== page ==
IN THE END, EVERYONE GETS ON WITH THEIR LIVES

Sally, here!

I’m introducing Precious Oluwatobi Emmanuel, who would be contributing occasionally here. Here’s his first short piece. Please, leave some feedback in the comment section.

Thank you!

The four girls at the back of the taxi are in a swell mood. They laugh and joke, and talk about the Valentine’s party they are just returning from. The taxi driver is silent, his mouth set in a tight line. His eyes occasionally flit disapprovingly to the girls in the rear view mirror. He will gossip to his wife when he returns home of four young girls he picked up who had on too much make-up and were returning from a party looking wasted and talking about boys, and he and his wife will shake their heads and cluck and tsk-tsk self-righteously at ‘shidren of nowadays’, mouths curled downwards judgementally.

The taxi’s speed reduces from its brisk cruise to a slow glide. There’s a police officer standing in the middle of the road. His stance is combative, legs spread slightly apart and planted rigidly, arms folded at the chest. The yellow lights from the streetlights overhead flood the street, and his black uniform stands out in sharp contrast to the harsh, artificial glow. It is reminiscent of spotlights trained on the sole actor in a play on an eerie, hazy stage.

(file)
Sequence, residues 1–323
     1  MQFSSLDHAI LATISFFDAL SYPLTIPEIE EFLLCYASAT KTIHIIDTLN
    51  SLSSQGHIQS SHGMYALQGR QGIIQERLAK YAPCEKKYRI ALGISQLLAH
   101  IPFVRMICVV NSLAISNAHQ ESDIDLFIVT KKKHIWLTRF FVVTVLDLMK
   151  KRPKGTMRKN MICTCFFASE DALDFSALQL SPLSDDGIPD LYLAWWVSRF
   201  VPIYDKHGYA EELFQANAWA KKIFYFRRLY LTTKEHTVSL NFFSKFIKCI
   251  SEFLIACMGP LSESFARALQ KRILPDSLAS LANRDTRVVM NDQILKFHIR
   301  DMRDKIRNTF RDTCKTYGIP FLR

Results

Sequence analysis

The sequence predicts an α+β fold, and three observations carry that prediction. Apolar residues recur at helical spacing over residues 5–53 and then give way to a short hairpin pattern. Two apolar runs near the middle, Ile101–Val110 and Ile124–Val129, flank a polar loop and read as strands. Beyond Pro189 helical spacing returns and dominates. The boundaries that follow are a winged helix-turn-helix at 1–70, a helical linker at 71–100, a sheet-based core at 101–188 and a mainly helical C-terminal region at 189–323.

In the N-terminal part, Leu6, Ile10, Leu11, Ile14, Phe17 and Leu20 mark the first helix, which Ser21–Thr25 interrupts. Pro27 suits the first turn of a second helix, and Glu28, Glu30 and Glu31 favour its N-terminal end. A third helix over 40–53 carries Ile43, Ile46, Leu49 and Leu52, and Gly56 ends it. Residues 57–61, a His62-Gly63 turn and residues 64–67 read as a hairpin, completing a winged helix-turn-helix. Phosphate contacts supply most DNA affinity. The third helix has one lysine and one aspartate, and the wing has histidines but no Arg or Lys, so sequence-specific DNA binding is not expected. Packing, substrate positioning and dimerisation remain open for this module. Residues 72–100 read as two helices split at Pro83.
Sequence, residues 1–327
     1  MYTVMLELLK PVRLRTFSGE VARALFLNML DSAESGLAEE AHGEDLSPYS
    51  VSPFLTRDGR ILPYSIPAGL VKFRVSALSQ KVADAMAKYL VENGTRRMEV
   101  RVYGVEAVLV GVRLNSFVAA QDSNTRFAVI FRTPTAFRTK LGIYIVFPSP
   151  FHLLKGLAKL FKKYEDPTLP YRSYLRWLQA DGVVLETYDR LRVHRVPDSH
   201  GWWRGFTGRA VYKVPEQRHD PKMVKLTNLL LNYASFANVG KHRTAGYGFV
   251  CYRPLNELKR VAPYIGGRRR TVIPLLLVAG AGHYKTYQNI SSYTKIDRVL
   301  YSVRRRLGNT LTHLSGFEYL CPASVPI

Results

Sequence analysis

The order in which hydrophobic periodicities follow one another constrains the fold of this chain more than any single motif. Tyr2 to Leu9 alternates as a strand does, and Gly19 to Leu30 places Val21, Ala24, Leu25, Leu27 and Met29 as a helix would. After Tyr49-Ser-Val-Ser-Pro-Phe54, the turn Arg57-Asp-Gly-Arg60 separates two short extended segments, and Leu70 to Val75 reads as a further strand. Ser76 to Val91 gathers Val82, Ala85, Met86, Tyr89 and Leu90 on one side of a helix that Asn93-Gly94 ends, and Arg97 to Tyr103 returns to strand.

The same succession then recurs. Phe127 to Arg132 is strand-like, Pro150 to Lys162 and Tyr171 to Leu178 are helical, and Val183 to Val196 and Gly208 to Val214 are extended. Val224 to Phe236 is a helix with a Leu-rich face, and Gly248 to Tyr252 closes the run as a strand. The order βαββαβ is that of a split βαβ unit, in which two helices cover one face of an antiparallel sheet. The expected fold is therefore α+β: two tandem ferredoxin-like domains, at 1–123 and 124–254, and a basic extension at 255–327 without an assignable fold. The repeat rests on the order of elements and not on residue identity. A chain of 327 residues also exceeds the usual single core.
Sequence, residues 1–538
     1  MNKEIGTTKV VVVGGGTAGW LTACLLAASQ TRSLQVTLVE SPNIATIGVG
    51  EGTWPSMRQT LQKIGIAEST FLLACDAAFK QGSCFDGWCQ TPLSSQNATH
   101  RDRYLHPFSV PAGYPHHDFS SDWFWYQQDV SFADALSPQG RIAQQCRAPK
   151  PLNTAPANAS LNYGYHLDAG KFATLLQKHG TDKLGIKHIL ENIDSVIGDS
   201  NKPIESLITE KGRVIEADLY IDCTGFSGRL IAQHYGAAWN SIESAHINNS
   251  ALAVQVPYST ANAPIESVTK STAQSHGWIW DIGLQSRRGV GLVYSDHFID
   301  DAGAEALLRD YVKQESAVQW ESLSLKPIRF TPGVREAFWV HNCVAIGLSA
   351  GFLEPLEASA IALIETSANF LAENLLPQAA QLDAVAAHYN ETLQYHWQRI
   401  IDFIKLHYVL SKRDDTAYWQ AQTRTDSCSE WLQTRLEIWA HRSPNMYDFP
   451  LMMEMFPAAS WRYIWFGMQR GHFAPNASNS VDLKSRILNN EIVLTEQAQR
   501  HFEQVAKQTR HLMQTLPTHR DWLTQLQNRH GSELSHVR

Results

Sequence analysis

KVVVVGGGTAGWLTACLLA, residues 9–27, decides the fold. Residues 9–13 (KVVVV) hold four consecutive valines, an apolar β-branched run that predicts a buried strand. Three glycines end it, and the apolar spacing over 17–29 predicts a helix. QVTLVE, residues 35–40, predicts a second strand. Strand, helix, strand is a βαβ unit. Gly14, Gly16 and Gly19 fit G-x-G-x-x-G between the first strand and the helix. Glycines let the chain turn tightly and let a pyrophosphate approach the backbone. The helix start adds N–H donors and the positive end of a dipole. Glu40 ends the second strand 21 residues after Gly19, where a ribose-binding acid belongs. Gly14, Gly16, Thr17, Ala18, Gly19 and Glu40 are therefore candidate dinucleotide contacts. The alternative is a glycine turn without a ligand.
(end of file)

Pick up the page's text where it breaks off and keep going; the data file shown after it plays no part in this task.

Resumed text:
“Come out! Come down from the car!”, the police officer barks when the taxi stops in front of him, spittle flying from his mouth, discoloured teeth flashing. 

The four girls at the back of the taxi fiddle with door handles on the inside for a few panicked seconds, and one door springs open. 

The taxi driver is already standing beside the driver’s side, his hands splayed out on top of the taxi, body pressed to its blue-and-yellow steel frame. Six more police men amble over, shirts untucked, batons swinging, one with a toothpick hanging between his lips, another making a sucking sound between his teeth.

The ladies crowd out of the taxi, their six inch heels clack-clacking on the hard asphalt. Annoyance is written all over their faces, with discernible undertones of fear and panic.

Wia are you coming from?” a policeman asks, his gleaming eyes skittering over the girls’ legs, breasts, faces.

One of the girls starts to speak. She squirms uncomfortably, as though the policeman’s gaze tickles her. The arms folded tightly over her chest squeeze even tighter. Her brown eyes are wide with fear now, all irritation gone.